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School History And Tradition

Francis Libermann Catholic Secondary School has developed a rich history in its relatively young life. Founded in 1977 by Father John Geary, and staffed by a small group of dedicated professionals, the school at once established itself as a model of academic excellence and faith experience.


The school's motto, “Inter Mutanda Constantia”--steadfastness in the midst of change--has indeed proven to be the guiding principle of Francis Libermann Catholic High School. We have maintained a traditional, non-semestered, coeducational school which holds in high regard both academic excellence and Gospel values.


The emphasis on community and faith experience has led to the foundation of some highly regarded traditions from our retreat program to a wide variety of support to charities. Students are encouraged, and given the opportunity to live out Gospel values within their community as well. Ours is a rich, diverse and multi-ethnic population whose members see daily the true value of those blessings. That strong community spirit has remained intact at Libermann through a dedicated staff and vibrant student body.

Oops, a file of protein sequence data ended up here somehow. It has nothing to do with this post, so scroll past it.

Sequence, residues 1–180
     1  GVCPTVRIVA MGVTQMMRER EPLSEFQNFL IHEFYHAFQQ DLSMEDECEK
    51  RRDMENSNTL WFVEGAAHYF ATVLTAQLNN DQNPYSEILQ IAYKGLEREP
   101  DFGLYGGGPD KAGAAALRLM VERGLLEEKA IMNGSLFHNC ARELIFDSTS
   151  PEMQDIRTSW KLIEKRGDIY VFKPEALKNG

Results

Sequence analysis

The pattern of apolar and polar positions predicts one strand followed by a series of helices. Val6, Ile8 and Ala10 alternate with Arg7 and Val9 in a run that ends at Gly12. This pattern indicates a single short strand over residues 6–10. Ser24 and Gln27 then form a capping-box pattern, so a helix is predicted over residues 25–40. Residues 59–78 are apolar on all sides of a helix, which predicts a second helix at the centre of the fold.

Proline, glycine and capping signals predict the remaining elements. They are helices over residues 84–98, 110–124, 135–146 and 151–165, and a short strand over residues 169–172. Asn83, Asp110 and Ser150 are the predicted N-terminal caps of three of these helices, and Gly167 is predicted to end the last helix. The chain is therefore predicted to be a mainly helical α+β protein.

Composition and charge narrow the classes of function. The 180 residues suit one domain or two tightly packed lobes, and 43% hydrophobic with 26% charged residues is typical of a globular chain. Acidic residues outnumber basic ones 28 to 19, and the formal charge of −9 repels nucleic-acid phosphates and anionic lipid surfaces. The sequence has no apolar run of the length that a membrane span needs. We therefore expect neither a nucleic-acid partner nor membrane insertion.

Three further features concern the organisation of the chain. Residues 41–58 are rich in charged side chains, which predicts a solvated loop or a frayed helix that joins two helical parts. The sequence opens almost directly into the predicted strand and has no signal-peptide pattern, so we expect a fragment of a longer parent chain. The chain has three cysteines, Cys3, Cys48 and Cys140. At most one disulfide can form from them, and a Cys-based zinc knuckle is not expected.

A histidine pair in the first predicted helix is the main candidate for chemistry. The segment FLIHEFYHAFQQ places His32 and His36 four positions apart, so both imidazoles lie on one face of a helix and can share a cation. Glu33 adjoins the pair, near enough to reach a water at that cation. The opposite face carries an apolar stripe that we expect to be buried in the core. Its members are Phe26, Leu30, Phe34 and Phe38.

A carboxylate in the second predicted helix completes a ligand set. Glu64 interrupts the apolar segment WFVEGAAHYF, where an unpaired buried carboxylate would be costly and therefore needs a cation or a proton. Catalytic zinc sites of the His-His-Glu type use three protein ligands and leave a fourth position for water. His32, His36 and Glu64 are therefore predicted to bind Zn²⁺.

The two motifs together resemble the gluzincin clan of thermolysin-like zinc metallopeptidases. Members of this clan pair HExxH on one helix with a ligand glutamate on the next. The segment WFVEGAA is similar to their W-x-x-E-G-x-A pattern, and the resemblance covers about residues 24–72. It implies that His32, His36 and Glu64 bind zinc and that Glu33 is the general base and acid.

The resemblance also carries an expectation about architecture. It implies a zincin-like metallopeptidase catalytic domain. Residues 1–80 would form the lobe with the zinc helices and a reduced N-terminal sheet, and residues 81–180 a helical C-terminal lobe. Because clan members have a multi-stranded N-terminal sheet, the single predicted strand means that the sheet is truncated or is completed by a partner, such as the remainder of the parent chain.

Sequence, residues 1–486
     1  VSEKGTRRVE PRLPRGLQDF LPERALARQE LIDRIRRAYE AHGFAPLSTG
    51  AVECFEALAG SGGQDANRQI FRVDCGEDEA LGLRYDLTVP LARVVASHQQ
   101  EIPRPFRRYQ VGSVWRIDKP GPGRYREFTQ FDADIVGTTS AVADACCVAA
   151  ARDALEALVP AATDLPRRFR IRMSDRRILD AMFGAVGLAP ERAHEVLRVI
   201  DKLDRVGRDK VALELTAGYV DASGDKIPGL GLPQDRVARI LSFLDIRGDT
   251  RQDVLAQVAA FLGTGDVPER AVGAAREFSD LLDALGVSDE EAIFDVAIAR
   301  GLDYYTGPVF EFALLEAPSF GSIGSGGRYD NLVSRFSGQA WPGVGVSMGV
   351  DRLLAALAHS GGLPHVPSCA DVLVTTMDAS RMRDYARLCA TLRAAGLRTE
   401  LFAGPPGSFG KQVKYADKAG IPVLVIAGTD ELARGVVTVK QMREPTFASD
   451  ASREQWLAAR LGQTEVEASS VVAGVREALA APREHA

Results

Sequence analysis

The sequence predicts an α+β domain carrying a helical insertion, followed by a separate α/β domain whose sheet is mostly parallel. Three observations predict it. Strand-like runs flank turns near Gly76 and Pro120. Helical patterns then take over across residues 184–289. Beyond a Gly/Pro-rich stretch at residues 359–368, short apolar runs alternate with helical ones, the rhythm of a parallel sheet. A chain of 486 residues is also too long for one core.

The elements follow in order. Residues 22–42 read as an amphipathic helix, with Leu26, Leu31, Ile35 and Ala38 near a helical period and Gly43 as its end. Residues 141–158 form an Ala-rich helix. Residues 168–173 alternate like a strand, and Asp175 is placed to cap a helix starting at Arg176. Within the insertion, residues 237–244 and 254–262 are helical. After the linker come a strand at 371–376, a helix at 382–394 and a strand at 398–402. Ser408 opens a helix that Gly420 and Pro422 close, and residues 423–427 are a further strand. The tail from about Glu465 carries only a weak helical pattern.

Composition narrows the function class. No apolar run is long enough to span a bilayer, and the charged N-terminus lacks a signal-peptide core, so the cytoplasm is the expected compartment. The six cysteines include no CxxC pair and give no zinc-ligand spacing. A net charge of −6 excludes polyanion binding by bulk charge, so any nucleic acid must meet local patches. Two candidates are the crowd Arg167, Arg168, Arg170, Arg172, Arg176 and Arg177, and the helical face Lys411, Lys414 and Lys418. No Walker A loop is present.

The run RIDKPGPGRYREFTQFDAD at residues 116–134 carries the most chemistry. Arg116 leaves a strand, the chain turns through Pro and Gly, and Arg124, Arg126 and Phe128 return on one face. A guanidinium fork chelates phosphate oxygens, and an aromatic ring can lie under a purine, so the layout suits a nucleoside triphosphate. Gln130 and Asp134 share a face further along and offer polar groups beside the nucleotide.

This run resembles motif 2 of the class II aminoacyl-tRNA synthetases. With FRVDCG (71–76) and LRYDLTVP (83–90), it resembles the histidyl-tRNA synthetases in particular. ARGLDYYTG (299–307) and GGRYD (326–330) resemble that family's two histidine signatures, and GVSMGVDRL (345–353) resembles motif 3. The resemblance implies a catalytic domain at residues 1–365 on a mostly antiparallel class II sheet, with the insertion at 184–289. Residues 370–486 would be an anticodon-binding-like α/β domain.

francis libermann 

The Story of Francis Libermann

Born in Sayerne, Alsace in 1802, Jacob Libermann was the youngest son of Rabbi Libermann who cared for the Jewish population of that town. He underwent a strictly orthodox rabbinical upbringing but after an agonizing interior struggle, became a Christian at the age of twenty-four. 


One year later, he entered St. Sulpice in Paris. Just before ordination to the subdiaconate he was afflicted with epilepsy, a disease which rendered him ineligible for major orders. While working as an educator of seminarians he became convinced of the need for a proposed society of priests who would work for the education of newly liberated slaves in the French colonies.


When he sought approval in Rome for his newly-founded society of the Immaculate Heart of Mary, he was firmly told that only one in priestly orders would be permitted to found a missionary society of this purpose. Church authorities finally gave approval to his proposal on condition that he find a bishop willing to ordain him.


Father Libermann became the first Superior-General of the new missionary order in that historic year of 1848. Only seven years ordained, he had but four years of life remaining. Although his epilepsy never again troubled him from the day of his ordination, his health was never good and he drove himself with quiet ferocity belying the calm, kindly exterior which made him so beloved by the young men who came forward in large numbers to participate in the work over which he presided. From October, 1851, his health deteriorated rapidly and in February, 1852, he died.